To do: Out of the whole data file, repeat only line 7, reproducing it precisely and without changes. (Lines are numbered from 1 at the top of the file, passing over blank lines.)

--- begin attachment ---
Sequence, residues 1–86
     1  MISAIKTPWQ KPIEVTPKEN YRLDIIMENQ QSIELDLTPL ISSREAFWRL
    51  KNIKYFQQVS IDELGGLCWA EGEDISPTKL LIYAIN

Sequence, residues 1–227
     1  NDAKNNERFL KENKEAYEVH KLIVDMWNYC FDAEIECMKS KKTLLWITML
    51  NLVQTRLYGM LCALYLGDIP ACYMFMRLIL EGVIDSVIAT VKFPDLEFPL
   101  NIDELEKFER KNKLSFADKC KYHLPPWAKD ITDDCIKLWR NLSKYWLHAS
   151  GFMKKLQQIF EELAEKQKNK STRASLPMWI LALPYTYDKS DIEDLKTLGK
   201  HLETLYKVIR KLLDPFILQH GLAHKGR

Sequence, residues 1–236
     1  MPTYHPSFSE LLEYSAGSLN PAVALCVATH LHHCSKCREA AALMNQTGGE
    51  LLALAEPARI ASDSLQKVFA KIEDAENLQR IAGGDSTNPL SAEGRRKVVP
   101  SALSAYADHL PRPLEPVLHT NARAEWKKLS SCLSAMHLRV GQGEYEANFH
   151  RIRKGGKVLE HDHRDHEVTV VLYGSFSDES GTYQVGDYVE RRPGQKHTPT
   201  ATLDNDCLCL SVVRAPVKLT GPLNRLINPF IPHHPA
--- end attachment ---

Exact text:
   101  NIDELEKFER KNKLSFADKC KYHLPPWAKD ITDDCIKLWR NLSKYWLHAS